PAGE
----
School Apartheid: Report finds NY schools are most segregated in the country
Stephon Johnson | 4/3/2014, 9:21 a.m.
A new study released by UCLA’s Civil Rights Project about the demographics of New York schools reveals details that may surprise many.
Titled “New York State’s Extreme School Segregation: Inequality, Inaction and a Damaged Future,” the study found that public school students in New York are the most severely segregated in the country. Reviewing the historical context of segregation in New York schools from 1989-2010, the study found that segregation was a perpetual pattern among city schools in particular.
There are many educational problems linked to racially segregated schools, and they’re often intensified by the concentration of poverty, less-experienced and less-qualified teachers, higher levels of teacher turnover, inadequate learning materials and facilities, higher dropout rates and unstable enrollments.
According to the report, desegregated schools produce the opposite results.
John Kucsera, lead author of the report, said that the entire work “runs the geographic gamut: from the upstate metros dealing with transforming demographics and an urban-suburban divide, to Long Island, one of the most segregated and fragmented suburban rings in the country, and New York City, the largest school district in the country.”
In New York City, Kucsera pointed to some of former Mayor Michael Bloomberg’s policies as having a negative effect on any potential desegregation.
“Perhaps the main limitation with most of the educational reforms under the Bloomberg administration was that policies did not consider diversity, whether racial or socioeconomic, as a program goal,” read Kucsera’s report. “In fact, in the city’s general admission for zoned elementary schools, it explicitly supports the opposite: ‘Race may be considered as a factor in school enrollment only when required by court order.’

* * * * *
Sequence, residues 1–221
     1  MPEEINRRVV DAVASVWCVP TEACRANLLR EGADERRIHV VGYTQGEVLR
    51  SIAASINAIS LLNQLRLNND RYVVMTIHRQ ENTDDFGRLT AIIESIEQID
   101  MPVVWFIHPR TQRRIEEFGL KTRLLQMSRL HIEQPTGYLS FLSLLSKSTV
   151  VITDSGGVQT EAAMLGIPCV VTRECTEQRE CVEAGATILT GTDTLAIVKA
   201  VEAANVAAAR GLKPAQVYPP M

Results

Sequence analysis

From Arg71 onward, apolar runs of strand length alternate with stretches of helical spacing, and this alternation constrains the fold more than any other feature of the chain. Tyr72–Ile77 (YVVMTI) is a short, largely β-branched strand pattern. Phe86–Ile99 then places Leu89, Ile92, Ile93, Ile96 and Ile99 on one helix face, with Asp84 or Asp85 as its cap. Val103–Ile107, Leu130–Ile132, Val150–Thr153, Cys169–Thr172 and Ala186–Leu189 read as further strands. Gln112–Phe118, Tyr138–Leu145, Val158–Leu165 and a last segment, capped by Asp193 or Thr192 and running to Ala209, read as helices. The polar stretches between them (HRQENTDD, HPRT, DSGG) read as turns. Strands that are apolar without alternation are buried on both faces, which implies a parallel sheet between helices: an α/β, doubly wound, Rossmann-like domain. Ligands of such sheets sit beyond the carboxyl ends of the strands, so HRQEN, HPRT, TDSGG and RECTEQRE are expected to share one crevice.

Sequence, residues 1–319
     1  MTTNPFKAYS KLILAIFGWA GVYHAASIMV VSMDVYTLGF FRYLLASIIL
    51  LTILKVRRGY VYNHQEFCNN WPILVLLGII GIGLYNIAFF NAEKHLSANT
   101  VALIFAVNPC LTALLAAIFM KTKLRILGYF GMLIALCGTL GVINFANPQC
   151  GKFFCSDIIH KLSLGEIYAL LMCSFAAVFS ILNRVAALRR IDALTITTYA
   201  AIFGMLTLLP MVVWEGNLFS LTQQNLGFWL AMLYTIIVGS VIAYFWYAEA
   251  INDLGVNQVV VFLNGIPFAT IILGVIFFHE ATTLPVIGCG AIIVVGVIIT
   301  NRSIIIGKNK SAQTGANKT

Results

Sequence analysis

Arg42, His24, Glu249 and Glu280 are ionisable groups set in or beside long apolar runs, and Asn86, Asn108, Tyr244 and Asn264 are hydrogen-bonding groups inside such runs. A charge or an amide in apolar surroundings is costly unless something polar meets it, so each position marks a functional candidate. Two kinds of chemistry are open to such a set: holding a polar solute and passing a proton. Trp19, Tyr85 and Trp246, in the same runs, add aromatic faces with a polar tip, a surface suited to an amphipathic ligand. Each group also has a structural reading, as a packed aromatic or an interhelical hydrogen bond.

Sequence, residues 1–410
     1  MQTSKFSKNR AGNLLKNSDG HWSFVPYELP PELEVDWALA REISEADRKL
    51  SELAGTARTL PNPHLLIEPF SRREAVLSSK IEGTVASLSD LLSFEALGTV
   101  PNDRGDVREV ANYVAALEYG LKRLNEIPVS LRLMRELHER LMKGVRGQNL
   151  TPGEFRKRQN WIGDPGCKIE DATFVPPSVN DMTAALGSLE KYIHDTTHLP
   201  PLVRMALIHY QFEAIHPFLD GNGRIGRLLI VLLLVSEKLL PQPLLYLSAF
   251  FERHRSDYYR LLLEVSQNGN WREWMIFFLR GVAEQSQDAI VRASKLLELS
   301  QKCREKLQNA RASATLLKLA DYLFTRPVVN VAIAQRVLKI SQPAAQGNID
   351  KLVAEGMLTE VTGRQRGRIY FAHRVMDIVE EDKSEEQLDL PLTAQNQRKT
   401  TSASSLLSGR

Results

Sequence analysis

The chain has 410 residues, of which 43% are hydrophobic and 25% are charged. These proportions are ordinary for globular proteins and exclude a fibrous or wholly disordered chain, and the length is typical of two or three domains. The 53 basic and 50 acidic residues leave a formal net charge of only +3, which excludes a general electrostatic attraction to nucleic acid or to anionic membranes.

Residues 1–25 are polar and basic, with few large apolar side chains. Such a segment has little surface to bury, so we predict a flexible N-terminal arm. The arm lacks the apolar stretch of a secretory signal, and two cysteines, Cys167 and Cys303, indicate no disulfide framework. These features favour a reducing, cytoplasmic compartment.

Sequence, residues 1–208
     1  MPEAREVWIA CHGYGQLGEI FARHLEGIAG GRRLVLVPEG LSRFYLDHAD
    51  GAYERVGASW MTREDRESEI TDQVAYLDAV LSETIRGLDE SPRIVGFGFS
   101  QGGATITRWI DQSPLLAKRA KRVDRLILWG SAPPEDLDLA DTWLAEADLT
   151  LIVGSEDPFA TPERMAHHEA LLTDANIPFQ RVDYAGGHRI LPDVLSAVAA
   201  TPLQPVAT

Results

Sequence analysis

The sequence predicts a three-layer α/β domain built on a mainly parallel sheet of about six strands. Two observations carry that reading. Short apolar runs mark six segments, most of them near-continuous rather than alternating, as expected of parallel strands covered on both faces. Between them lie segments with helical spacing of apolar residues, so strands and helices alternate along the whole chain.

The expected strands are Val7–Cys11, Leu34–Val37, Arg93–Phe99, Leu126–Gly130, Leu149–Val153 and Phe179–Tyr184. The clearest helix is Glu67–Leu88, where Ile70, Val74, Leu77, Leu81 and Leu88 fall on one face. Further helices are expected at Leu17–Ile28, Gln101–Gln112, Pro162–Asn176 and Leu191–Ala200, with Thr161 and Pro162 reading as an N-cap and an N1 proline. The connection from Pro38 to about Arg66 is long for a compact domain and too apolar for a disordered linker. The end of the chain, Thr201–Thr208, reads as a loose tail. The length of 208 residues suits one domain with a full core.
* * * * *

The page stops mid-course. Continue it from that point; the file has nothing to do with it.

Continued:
“As David Tipson from Appleseed reported, ‘This statement is unclear and appears to be an attempt to summarize U.S. constitutional law. Taken literally, however, the statement is more restrictive than the standard required by the U.S. Supreme Court and represents an unnecessary limitation on the Department of Education.’”
According to the study, across the 32 Community School Districts (CSDs) in New York City, 19 of them had 10 percent or less white students in 2010 and includes districts in the Bronx, two-thirds of Brooklyn districts (central to north districts), half of the districts in Manhattan (northern districts) and only two-fifths of the districts in Queens (southeast districts).
Many of those areas have a Black and/or Latino majority.
Seventy-three percent of charter schools across the five boroughs were considered apartheid schools with less than 1 percent white enrollment, and 90 percent were segregated with less than 10 percent white enrollment in schools in 2010. Only 8 percent of charter schools could be considered multiracial, with a New York City average of 14.5 percent white enrollment.
So-called magnet schools in New York City had the highest proportion of multiracial schools (47 percent) and the lowest proportion of segregated schools (56 percent) in 2010, but 17 percent of those schools had less then 1 percent white enrollment, and 7 percent had over 50 percent white enrollment. P.S. 100 Coney Island, a magnet school, is 81 percent white.
“The department needs to immediately revise this admission policy statement and support student assignment plans with diversity goals for all schools,” read the report. “The ending of the diversity-based admission system in CSD 1 of the Lower East Side is a prime example of the effects of a free or so-called color-blind school choice policy, as the area has experienced rising school resegregation ever since.”